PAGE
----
DV: There's two statements. The batteries we've tested are small cells that we make. Power tools for example have been qualified tested for long life with charge times of five minutes. At the cell level and very, very high discharge rates. Now, would you employ that? Depends on the infrastructure that Ric's talking about. Ric's saying that isn't very likely, but if you did create a system – a battery system – I mean, the batteries would be capable of doing it. You've got to build basically all of the connections all the way through the battery system, all the way back out to the charge port and infrastructure and make that happen. But you could do it.
ABG: The Altairnano battery would require a special infrastructure to charge them that fast, as well.
ABG: Aside from that question, I was trying to determine whether or not your batteries were capable of doing that. Sounds like they are.
DV: They are. Yeah.
RF: They are. You understand, essentially power, which is power in or power out, is a function of the kinetics of the system. And when you go to a nano scale, you can put things in and out of the particles much faster. It's faster kinetics. And so both that technology – or the technology we've got has that capability. The trade-off with that technology is that you end up with much lower voltage. And the energy by volume is much lower. So you have those two down sides, which means you end up with a more expensive, larger battery for an application like a plug‑in hybrid.
ABG: With hybrids, one of the limitations right now as far as being able to do regenerative braking is the ability of the battery to absorb the kinetic energy. Would your batteries be able to absorb energy faster to allow for better use of regenerative braking?
RF: Our hybrid batteries, we have two different – we started with our M1 chemistry. Which is the proprietary chemistry and we've now split into two variants. One is the M1HD chemistry, which is optimized for plug‑in hybrid type applications, and the other one is the M1 Ultra, which is optimized for hybrid applications, and the M1 Ultra technology has excellent power in and out.
ABG: So that could potentially help increase the range of the vehicles because they could make better use of regenerative braking.
RF: Hybrid vehicles – yes. The technology – the HD still is a pretty powerful system in and out in terms of power, but you can get great regen from this technology.
ABG: What about manufacturing volumes? I think certainly the Vue plug‑in would probably be your first automotive application. Has A123 got manufacturing capacity in place already or planned short-term to do large volumes of automotive batteries?
DV: Well, we've been making millions of batteries per year at the size that was supported by power tool applications and other commercial applications we've got. So they're relatively small. What we're doing for these programs with GM is developing larger size – larger format cells, which benefits the application by fewer number of components and few number of weld or termination connections that are on there. So our capacity is reasonably large for what we currently make. These new cells, the capacity will be built up over the next two years.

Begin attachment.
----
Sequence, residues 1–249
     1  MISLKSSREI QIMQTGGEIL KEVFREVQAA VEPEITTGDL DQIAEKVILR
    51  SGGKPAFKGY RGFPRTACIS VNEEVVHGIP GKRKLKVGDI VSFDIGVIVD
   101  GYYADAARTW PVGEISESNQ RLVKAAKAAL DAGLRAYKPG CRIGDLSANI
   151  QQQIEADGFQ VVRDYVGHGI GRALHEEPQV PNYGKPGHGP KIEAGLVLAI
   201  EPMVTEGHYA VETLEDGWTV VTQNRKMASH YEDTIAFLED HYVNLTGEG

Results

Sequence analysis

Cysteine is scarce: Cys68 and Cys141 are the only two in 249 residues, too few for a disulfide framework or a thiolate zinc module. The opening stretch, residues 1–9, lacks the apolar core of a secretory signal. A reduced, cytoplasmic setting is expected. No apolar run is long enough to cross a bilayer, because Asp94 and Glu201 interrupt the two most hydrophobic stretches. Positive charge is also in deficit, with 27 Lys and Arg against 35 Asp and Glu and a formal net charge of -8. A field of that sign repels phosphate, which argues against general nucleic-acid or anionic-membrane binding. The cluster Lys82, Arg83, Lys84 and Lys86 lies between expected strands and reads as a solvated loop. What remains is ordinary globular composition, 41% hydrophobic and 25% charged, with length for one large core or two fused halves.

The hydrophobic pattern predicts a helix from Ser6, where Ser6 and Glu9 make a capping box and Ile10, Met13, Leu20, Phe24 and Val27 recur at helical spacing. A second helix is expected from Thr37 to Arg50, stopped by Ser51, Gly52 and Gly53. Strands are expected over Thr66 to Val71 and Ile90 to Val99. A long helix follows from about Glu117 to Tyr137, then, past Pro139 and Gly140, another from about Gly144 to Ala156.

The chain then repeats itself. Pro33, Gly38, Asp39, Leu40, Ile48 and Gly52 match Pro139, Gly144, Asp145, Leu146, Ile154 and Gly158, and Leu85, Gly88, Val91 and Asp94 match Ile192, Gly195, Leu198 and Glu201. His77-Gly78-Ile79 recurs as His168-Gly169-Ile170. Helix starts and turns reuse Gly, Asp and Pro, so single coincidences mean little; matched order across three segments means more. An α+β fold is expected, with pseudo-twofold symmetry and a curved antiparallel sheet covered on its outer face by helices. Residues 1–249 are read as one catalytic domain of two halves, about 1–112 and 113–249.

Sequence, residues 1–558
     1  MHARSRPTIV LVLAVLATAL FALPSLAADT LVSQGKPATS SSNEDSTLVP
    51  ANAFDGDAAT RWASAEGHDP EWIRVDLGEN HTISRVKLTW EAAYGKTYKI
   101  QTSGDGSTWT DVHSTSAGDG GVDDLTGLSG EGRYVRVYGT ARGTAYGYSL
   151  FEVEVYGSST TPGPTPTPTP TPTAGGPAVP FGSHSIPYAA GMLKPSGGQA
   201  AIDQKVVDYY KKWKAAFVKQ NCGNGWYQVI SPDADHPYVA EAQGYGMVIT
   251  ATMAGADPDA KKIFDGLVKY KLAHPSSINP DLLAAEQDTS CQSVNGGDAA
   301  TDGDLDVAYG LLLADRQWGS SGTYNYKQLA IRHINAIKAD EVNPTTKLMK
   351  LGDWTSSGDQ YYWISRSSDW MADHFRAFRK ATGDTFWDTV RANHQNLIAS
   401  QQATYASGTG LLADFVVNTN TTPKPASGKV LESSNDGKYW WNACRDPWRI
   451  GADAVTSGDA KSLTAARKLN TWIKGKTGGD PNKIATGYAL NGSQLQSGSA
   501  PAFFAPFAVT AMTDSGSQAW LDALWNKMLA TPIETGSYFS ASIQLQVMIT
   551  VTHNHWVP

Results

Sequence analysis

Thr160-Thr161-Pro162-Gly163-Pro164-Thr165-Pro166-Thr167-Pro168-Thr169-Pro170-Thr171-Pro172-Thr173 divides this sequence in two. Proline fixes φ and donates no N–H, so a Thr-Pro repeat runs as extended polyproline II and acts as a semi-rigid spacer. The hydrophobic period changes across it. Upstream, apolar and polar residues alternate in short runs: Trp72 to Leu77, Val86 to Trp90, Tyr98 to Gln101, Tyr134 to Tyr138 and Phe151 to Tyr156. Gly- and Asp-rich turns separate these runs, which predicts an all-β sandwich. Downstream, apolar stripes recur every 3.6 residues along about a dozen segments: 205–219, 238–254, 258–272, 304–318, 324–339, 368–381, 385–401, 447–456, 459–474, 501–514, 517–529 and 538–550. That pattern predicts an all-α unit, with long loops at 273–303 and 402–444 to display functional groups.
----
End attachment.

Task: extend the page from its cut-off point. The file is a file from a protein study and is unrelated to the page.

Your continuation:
ABG: one other area I wanted to get into is the idea of standardized form factors for automotive batteries for EVs and plug‑in vehicles. One of the things that comes up from readers is the idea of instead of having a range extender on a vehicle, or having really huge batteries, since charging time is an issue and it's not like with a gas-powered car you go in and takes you five minutes to fill it up and you're on your way again. The idea of having easily interchangeable batteries, so you pull in to a station, swap out your battery and get a freshly charged one...
RF: I think it's not a bad idea, but the devil is in the details. Interconnecting high-voltage systems, you can die from exposure to high-voltage line. So interconnecting high-voltage systems with integrity of seals and these things are heavy, it's not a trivial matter. You could break it up into lots of blocks and then have the system auto-connect. I mean, we have technology to do things like that.
DV: It's being discussed. I hear it a lot. It's something that's interesting, you know. It'd be interesting to see if it develops –
RF: We'll see if somebody does it, yeah.
DV: At my last company we made modular battery systems that were used and deployed in stationary applications and there's certainly some promise that you could do that – and what you're talking about is a standardized format.
RF: It's not impossible. I still would caution – I wouldn't go and say, or put in writing, that people are looking at that as a serious solution. I think a lot of people are questioning whether that is a scalable and it is one of the concepts that gets put in a matrix and traded off.
ABG: The last think I wanted to get to is vehicle to grid technology. Is that an area that A123 is actively involved in research on?
RF: We are excited about vehicle to grid. We would like to see it developed. We think it has huge potential in the long run. It's gonna require that there are enough plug‑in hybrids on the road first. Before we can deploy we need to have a large enough base if you wanted to trade in the power markets. The whole point of being a vehicle-to-grid network or an aggregator is that you can trade that power. You need at least a megawatt of constant supply. So if you're gonna have a bi-directionally inverter say 5 kilowatts in/out, say 220V on a vehicle, you're gonna need to have a lot of plug‑in hybrids aggregated to be able to supply. So I think maybe in five or six or seven years, as soon as you start seeing these vehicles in volume. The second generation of those vehicles will be much easier to integrate those things. Those concepts are going to be great for all sorts of new business models in the power markets.